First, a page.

90 Percent Project - Week 13
Friday, 2:00 pm
And here are my values for Week 13 of the 90 Percent Project. Or, as the founders like to call it—The Riot for Austerity.
Week 13: 27 kWh
My newest electric bill (a whole $31.04) was online this morning. I was a little surprised to see the month of August end up with 36 kWh less than July. Cool beans! I’ll take it. That puts me at 82% less than the national average. Onward and downward!
Gasoline purchased (for 1 person)
Week 13: 7.145 gallons
Water (for 1.5 people)
Week 13: 703.21 gallons
I’m not sure how to calculate this. The above values are for last week and this past week. One week there were two of us and then just me this week. I guess we’ll leave it as is and move onward. Looking forward to better values.
Week 13: 8 cu ft
This represents two weeks. I also bought 3 cords of wood which, according to 90% rules, counts as 20 therms each. Since I haven’t used them yet, I don’t suppose I need to add them into my weekly values yet. On the other hand, I have no idea how to measure a cord as it is used until the wood is gone. And I hope that I don’t have to use it all this year.
I have come to the conclusion that there is no way on earth that I can achieve the 90% reduction values in natural gas under current circumstances. My usage would have to be 100 therms per year and I’ve already used close to 60 therms since the beginning of June. Adding my 60 therms for wood, that already puts me over the limit with 9 months to go. And I haven’t even turned the furnace on, which I probably will a couple of times this season. It’s all hot water, pilot lights, and cooking (and not all that much of that, either.). My hot water heater is turned down as far as I can realistically turn it down and still call the water warm enough for a shower. It’s surely not hot water. I need to get rid of pilot lights, which are a gross waste of gas, IMHO.
I will have to reduce further in other areas to compensate, for now.
Also...I don’t quite understand how my utility converts cubic feet of gas into therms. The conversion value seems to change every month. It looks as if I’ve been slightly over converting my natural gas into therms. I think I’ll just stick with measuring cubic feet for the time being.
Trash (for 1 person)
Week 13: 3 lbs
This included the skunked dog bed. That troubled me as it sat out by the curb waiting to be gingerly collected and tossed into the truck by the thumb and forefinger pick-up method. Dog beds make Terry a very happy doggy, but they do wear out or the unexpected occurs which ultimately puts them in the landfill. It’s back to blankets that can be washed and washed and washed and....
Week 13: $0
Purchased some pasta this week. And 3 bags of coffee, which, though not local, were at least Fair Trade and organically grown. All other food from the farmer’s market.
Friday, 9:54 am
According to the little weather icon thingy in the sidebar, you might think we were having a touch of rain or mist or some such precipitation event this morning. But no. As usual, any moisture falling from the sky has gone around us. Dry as a bone here.
And when you look at this weather radar image, you can see that mess of rain that ambled off the coast in recent hours. How is it possible that it could pass right over us and not shed a drop of rain?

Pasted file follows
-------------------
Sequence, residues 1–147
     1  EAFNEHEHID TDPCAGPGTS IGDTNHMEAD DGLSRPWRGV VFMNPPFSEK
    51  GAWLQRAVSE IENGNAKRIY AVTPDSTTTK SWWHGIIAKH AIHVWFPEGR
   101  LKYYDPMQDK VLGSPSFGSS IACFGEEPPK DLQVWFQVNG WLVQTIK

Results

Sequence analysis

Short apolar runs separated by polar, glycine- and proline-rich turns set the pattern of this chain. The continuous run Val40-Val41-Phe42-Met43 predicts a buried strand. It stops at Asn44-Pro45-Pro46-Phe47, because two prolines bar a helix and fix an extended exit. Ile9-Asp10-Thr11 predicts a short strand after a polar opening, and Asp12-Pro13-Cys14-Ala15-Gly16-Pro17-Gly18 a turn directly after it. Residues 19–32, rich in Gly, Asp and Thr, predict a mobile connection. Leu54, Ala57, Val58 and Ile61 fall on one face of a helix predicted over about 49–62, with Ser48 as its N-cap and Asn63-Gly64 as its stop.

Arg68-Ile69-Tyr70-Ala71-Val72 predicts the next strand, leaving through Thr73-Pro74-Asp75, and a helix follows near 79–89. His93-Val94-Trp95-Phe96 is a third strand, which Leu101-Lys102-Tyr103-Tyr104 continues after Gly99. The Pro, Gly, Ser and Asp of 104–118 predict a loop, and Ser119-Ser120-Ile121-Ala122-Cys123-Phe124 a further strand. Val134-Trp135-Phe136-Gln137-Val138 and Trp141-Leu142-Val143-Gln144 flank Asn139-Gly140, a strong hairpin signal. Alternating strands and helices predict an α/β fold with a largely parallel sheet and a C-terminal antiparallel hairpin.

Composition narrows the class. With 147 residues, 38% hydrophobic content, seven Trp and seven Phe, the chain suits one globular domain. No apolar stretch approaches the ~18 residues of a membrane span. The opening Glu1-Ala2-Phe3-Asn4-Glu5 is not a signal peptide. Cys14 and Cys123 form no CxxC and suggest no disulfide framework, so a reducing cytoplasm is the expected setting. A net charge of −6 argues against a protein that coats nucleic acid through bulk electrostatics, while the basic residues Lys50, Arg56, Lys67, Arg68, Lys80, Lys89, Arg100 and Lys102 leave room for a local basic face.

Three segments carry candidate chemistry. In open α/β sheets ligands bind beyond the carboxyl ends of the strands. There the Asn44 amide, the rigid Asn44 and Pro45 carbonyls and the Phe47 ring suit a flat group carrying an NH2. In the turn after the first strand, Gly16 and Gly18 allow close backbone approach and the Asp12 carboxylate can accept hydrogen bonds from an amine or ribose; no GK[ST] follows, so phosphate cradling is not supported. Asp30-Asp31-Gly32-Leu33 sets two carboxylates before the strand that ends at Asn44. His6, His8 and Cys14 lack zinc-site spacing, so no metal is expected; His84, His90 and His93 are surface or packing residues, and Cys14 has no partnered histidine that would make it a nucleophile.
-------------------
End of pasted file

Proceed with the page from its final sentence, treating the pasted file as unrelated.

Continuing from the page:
Perhaps if I washed the car, watered the lawn, and hung some laundry out on the line....
The one kilowatt hour day
Thursday, 10:33 am
Well, I’m back after a couple of days of quietude. It wasn’t due to spiritual reasons or battery recharging...I was being cheap with electricity. My end of week tally for usage wasn’t shaping up well and I needed to get the numbers back in line. And I succeeded.
At this stage of the 90% Project, it becomes a little embarrassing to keep making excuses for over use. Especially when I am the only one using resources in this house and I am the one responsible for making the decisions about such use.
As I mentioned a couple of days ago, my electricity use had bumped up slightly from what it was before the lad came home. I decided to get to the bottom of it.
On Tuesday, I spent an abnormal amount of time visiting the electric meter. I wanted to make the little dial stop turning. When everything in the house was off or unplugged, I went back out to look at it. The dial was still moving. What the heck?
I took a tour through the house to see what could possibly still be drawing juice. The air conditioner was still plugged in and its little screen merrily announced the room temperature. I yanked the plug out of the wall. Then I pounced on a lamp in my room that I’d recently installed by my bed. It’s a halogen floor lamp with a dimmer switch on it. The dimmer switch is attached to a transformer and there was a little light glowing on the transformer...and the transformer was quite warm to the touch. That means it was drawing juice even though the light wasn’t on. I yanked that out of the outlet, as well.
I went back outside to watch the electric meter. It was not moving. Whoo! And then....it started moving again. Talk about a head banging against the wall moment. What the heck was still on?
I took another tour around the house and couldn’t find anything. As I passed through the kitchen again, I heard a little click. The light dawned. When the lad came home, we had turned the water dispenser’s cooler back on. Since I still have three bottles of Poland Spring water sitting around, I told him that he might as well use it. He drinks a lot of water and it was hot out.